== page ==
I do this often, by the way– letting a kid dig himself into a hole can frequently be useful because it gives me insight into how they handle mathematics.  Unfortunately, for the second time this year, I’m looking at this and getting the “holy shit, I can’t fix this” vibe that I get from writing sometimes.  The kid can’t handle basic multiplication on his own, and even with other adults in the room I can’t get around to them often enough to help him with everything he needs help with.  Luckily, he has involved parents; I can’t imagine what he’d be like otherwise, as this is what he is like with help at home.

I’ll figure it out– I’ll figure him out, I always do– but Christ, do I have a headache right now.


Today was actually a pretty good day, all told. For some reason, my first and second hour class was in a behaving sort of mood today– or at least they entered a behaving sort of mood just as soon as the first kid to act up had his parents emailed on the spot– and the rest of my classes more or less followed suit. My main plan right now has to be to come up with a way to get through Monday without losing my soul to despair, which has been the pattern set by the last several Mondays.


Holy crap, is it the last warm Friday night of the year or something like that?  For the last several Fridays I’ve been able to write and/or read and/or grade more or less in peace at OtherJob because we haven’t had enough customers to keep me away from the laptop.  We got killed tonight starting two hours ago and just calmed down about twenty minutes ago.  And it was a crazy group of people, too– one group of Juggalos, one group of about fifteen Mennonites, and the local center for severely and profoundly disabled people had a crew out.  All at the same time, plus the usual assortment of families and couples on dates.

I cannot deal with Juggalos and Mennonites and Logan Center folks at the same time.  My brain can’t cope.  The Mennonites are all on Rumspringa and trying to buy weed from the Juggalos and the Logan Center kids keep asking who smells like pinecones.  Brain: broken.  At one point I was so frazzled I called a grown man “sweetheart;” I’d just been arguing with his daughter about which of us had had a longer day.  She was about seventh or eighth grade which tends to trigger my teacher vocabulary.   Luckily for me, he took it in stride– he turned to his daughter, said “He wins,” and then told me he was flattered but I wasn’t his type.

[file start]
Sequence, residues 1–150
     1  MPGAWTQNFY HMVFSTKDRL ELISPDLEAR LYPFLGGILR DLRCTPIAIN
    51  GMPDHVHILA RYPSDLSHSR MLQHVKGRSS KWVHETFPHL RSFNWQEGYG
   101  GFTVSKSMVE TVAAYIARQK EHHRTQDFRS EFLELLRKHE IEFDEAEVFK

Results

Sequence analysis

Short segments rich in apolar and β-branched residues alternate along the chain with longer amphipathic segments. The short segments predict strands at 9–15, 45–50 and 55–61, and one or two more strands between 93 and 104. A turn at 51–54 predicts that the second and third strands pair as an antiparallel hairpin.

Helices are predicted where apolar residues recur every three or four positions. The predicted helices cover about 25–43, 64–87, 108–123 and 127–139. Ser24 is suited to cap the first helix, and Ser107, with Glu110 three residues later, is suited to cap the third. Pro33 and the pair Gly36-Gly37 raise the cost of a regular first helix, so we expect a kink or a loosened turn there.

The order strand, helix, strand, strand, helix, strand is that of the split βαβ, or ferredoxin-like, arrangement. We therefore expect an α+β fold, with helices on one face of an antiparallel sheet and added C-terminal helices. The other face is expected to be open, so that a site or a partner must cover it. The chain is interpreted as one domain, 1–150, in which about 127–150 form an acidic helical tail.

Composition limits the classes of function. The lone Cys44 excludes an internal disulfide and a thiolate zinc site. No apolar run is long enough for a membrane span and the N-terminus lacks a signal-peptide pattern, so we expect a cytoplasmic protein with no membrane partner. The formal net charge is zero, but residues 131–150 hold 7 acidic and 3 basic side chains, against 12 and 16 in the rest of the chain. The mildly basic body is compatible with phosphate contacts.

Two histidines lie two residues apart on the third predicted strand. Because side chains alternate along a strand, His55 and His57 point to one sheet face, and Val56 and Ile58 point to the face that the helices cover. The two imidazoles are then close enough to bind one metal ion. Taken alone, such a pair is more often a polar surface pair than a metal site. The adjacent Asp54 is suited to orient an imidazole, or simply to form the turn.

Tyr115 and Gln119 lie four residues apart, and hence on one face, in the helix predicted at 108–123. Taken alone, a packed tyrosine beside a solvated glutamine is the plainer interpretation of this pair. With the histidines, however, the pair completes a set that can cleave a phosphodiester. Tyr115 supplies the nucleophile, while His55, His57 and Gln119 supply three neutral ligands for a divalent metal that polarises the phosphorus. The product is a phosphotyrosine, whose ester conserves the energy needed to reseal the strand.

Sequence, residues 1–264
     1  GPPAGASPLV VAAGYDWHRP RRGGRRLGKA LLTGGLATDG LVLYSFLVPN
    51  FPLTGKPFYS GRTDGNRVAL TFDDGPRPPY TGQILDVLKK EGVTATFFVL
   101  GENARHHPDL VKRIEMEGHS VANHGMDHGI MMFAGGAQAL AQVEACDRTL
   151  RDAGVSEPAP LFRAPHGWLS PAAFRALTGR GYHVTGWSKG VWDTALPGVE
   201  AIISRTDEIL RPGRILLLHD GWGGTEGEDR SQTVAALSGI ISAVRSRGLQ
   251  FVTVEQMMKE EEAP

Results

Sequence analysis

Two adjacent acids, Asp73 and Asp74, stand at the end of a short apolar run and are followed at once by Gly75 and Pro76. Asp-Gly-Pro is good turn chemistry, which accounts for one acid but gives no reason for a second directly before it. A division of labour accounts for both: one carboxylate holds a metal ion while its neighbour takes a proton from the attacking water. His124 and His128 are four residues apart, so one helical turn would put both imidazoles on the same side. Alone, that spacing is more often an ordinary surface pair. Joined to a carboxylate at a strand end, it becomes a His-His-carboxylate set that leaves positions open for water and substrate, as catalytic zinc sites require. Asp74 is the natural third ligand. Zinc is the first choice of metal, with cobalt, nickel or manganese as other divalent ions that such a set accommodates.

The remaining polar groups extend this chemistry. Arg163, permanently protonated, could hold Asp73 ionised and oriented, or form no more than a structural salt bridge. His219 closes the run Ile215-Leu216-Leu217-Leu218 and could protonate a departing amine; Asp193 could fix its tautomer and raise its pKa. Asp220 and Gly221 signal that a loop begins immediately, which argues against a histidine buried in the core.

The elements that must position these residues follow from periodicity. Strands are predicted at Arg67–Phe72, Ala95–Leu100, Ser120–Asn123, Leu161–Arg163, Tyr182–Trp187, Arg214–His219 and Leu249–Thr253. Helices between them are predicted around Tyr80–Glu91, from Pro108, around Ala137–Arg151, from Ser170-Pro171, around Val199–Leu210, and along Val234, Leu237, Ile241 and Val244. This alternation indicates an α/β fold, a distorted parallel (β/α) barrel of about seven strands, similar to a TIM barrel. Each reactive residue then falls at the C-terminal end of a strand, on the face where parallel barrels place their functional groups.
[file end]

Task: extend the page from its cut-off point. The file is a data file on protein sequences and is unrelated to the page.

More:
I may need to go home and get to bed soon.

Let me know what you think of the new site design, by the way.

Parenting fail of the day


True fact:  George H. W. Bush is my favorite Republican president of my lifetime.  Which, I admit, isn’t saying a whole lot, but unlike Ford, Reagan, and Bush II I at least feel like the evil old nut-cutting CIA sumbitch had a little bit of a soul.    (Well, OK, I’ve got nothing against Ford.  But he was only president for a couple of months of my life anyway so I can safely disregard him.)  “George H. W. Bush is witness at gay wedding” means precisely nothing meaningful to anybody who wasn’t at the wedding.  It doesn’t really signal any change in the zeitgeist that wasn’t already happening no matter how much I want it to– Republicans have always been for rights for their people, and some of them– like, say, Satan— are pro gay marriage because there are acknowledged gay people in their family.  This has been true for a while.